small modification of your code, also introducing a Which construct to
avoid having two rules:

myrule := Omega[oinds__] TT[tinds__] :>
With[{
dummies = xAct`xTensor`Private`TakeEPairs[{oinds, tinds}],
frees = xAct`xTensor`Private`TakeFrees[{oinds, tinds}] },

With[{LHS = (TT[C, D, F, ##] & @@ Complement[{tinds}, dummies])
(Omega[-C, -D, -F, ##] & @@ Complement[{oinds},
dummies]) },
Which[
ToCanonical[ Omega[oinds] TT[tinds] - LHS ] === 0, SS @@
frees,
ToCanonical[ Omega[oinds] TT[tinds] + LHS ] === 0, - SS @@


frees
]
] /;
Length@Intersection[dummies, {oinds}] == 3 &&
Length@Intersection[dummies, {tinds}] == 3
]

Cheers,
Jose.

TB

unread,
Mar 18, 2010, 8:40:55 AM3/18/10
to xAct Tensor Computer Algebra
Hi!
This is probably the best way for the particular example, but I am
more interested in a way to generare this kind of rules from quite
general equations.

I managed to slightly modify EqualExpressionsQ to do the missing
parts. See the file ProblemLongReplacementRules3b.nb for details.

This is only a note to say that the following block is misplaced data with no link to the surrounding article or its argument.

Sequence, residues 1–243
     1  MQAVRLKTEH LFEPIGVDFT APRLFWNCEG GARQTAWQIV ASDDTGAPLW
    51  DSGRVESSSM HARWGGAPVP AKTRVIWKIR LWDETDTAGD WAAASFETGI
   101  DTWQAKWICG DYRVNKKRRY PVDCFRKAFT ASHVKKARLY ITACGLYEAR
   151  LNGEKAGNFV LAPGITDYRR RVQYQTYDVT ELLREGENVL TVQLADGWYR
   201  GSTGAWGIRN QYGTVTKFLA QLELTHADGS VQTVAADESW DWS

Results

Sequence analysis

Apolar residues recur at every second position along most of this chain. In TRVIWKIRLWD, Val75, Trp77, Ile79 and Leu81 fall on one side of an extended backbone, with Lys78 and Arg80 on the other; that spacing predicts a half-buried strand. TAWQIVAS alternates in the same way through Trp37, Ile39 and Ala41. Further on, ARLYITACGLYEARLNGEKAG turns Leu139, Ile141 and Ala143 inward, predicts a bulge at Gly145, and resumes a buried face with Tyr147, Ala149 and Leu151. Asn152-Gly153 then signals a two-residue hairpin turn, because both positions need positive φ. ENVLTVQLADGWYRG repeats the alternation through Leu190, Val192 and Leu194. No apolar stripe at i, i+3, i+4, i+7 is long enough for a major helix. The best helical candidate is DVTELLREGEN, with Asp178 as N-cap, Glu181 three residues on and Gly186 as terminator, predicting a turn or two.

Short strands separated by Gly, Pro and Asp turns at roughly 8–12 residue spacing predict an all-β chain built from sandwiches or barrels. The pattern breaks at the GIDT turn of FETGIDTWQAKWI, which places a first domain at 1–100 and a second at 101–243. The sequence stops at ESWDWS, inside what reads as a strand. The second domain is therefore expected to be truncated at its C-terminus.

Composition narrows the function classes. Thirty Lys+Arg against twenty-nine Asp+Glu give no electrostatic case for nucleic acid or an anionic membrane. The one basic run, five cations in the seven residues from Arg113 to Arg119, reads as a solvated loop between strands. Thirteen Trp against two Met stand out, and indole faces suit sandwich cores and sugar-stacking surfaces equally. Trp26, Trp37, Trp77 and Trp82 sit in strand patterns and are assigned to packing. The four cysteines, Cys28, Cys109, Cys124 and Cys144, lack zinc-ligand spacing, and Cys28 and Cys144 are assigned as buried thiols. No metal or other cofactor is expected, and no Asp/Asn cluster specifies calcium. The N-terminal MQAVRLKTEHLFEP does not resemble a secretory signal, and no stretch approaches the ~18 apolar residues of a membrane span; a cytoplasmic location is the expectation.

I think this idea is general enough to work as an alternative to
MakeRule
in the cases with many symmetries and dummy indices.

I think it does the minimal ammount of tests, except that it uses all
permutations of the free indices. This is still quick for my examples,
but
it could be improved for more complicated ones. Many permutations will
be
equivalent due to the symmetries, but I do not know how to compute
this.
Do you know how to compute all permutations that are not equivalent
with
respect to the symmetries of the free indices of a tensor?
I think this can be related to the ToCanonical[%/.Sym-
>ImposeSymmetry]
problem we discussed earlier.

I tried to write a procedure that can renerate rules like this for
arbitrary products of two tensors. This can also be found in
ProblemLongReplacementRules3b.nb.

Do you like the idea?
Do you think it is worth implementing something as general as MakeRule
for this method?

Regards
Thomas

TB

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Mar 23, 2010, 12:08:41 PM3/23/10
to xAct Tensor Computer Algebra
Hi!

I have tried to find a good and quick way to generate a list of all
permutations of the free indices that are not equivalent with respect
to the symmetries of the free indices.
Unfortunately I have not succeeded.
I can find the group of all permutations of the free indices (G1), and
the group of symmetries of the expression that only involves the free
indices (G2).
Say that one want to do this for expr1:

inds1 = FindIndices@Evaluate@expr1
dummies1 = xAct`xTensor`Private`TakeEPairs@inds1